Favorite Christopher Nolan Film

The Oscar Nominated writer and director to whom this site is dedicated.

What's your favorite Nolan film?

Following
1
1%
Memento
16
20%
Insomnia
1
1%
Batman Begins
1
1%
The Prestige
14
17%
The Dark Knight
19
23%
Inception
14
17%
The Dark Knight Rises
16
20%
 
Total votes: 82

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TehBatGetsBraked wrote:
Skyab23 wrote:
Just got back and rewatch Nolan's films and tell me if you think the editing and pacing in TDKR is on par with the others. And I'm not even going to get into the sloppiness of the script (John Blake just looks at Bruce and can tell he's Batman, REALLY?). Ok, had to get one shot in there.
How does everything somehow always go right for the Joker? How did Dent even function at all w.o. meds post injury? The "kicks" in inception are very questionable. The last half of BB is not nearly as good as the first half. Each film has its noticeable flaws :roll:
I could go through each of those but we'd be running in circles but I'll go back to the real glaring issue of TDKR. The editing. It rushes through everything. It doesn't let any scene breathe...the only one I can think of is the Bruce/Alfred scene before Alfred leaves...and that was the best scene in the film IMO.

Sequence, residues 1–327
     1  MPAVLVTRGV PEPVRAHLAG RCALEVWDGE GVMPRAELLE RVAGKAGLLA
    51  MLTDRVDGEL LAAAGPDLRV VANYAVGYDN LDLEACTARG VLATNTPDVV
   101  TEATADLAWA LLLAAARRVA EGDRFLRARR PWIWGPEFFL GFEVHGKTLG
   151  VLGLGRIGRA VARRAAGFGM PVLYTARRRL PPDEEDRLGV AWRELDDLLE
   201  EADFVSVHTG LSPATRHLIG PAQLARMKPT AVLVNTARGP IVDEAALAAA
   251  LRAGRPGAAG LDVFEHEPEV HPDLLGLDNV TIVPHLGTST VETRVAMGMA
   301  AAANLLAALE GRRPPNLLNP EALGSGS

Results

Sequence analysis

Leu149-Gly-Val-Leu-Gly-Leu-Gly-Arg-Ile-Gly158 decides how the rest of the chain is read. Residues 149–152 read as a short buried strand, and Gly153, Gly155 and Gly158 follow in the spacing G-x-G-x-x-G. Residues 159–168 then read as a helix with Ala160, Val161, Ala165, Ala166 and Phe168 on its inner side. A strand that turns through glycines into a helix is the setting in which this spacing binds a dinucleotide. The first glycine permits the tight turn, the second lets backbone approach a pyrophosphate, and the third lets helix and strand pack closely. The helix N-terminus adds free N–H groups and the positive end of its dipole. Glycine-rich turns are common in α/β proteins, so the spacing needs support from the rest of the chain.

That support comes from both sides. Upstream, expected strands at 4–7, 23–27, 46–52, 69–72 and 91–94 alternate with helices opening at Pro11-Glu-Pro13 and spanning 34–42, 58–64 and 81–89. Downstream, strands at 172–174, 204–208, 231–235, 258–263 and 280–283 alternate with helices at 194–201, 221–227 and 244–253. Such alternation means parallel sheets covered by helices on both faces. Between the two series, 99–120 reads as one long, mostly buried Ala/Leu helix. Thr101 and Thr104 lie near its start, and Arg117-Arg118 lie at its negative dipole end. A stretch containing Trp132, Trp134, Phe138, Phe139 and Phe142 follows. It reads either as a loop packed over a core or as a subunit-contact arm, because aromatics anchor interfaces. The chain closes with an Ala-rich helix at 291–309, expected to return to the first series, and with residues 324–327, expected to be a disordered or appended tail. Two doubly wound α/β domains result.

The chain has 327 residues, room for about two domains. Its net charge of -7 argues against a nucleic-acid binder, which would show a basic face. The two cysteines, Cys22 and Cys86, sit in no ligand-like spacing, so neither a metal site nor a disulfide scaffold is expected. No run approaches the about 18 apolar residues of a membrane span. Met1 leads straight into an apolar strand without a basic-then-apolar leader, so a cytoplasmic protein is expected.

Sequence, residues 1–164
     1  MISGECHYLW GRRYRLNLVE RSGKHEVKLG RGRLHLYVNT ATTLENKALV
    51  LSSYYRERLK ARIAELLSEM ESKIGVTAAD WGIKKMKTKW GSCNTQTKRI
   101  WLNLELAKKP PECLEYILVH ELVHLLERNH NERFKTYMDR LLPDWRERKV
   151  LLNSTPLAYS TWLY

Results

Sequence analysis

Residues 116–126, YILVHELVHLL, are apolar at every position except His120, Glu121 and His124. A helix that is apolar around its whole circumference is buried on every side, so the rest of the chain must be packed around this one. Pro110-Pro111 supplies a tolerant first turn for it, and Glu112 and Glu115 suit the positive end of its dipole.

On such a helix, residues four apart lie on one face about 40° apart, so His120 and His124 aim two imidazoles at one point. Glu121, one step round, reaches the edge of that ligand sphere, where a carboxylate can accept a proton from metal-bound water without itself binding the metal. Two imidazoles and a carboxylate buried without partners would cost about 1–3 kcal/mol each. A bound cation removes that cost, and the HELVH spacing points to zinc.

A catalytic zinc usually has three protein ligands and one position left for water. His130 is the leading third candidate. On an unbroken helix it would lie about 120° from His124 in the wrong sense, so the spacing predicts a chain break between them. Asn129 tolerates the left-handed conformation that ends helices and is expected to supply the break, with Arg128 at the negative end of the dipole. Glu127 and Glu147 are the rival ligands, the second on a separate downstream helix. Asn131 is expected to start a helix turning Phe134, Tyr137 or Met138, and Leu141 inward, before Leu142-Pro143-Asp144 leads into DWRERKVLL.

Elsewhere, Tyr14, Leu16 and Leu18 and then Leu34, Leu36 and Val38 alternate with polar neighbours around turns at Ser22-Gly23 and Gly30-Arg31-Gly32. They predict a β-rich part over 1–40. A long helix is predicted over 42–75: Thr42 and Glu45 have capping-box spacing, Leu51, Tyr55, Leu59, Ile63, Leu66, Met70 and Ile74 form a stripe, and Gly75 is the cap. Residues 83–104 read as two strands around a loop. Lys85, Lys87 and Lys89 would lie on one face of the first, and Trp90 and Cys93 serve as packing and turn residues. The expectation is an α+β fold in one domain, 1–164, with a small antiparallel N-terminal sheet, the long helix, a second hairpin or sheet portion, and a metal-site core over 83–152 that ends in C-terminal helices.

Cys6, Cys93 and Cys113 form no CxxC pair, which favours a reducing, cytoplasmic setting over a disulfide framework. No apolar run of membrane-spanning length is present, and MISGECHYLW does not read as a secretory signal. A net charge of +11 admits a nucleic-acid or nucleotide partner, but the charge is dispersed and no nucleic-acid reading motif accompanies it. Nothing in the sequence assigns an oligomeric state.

There are plenty of scenes in TDK and Batman Begins that let the camera linger so that the audience can get the full effect...in TDKR it is always in a hurry to get to the next scene. Look at the Batman scene where he sits perched atop the building looking down at Gotham...it stays on that scene for a mere 5 seconds...what about the beautiful shot of Catwoman on the batpod while the sun is barely visible in the foreground...the camera cuts almost immediately.

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Skyab23 wrote:
TehBatGetsBraked wrote:
How does everything somehow always go right for the Joker? How did Dent even function at all w.o. meds post injury? The "kicks" in inception are very questionable. The last half of BB is not nearly as good as the first half. Each film has its noticeable flaws :roll:
I could go through each of those but we'd be running in circles but I'll go back to the real glaring issue of TDKR. The editing. It rushes through everything. It doesn't let any scene breathe...the only one I can think of is the Bruce/Alfred scene before Alfred leaves...and that was the best scene in the film IMO.

There are plenty of scenes in TDK and Batman Begins that let the camera linger so that the audience can get the full effect...in TDKR it is always in a hurry to get to the next scene. Look at the Batman scene where he sits perched atop the building looking down at Gotham...it stays on that scene for a mere 5 seconds...what about the beautiful shot of Catwoman on the batpod while the sun is barely visible in the foreground...the camera cuts almost immediately.
:facepalm: not even going to argue
Sigs???

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Law
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Skyab23 wrote:
TehBatGetsBraked wrote:
How does everything somehow always go right for the Joker? How did Dent even function at all w.o. meds post injury? The "kicks" in inception are very questionable. The last half of BB is not nearly as good as the first half. Each film has its noticeable flaws :roll: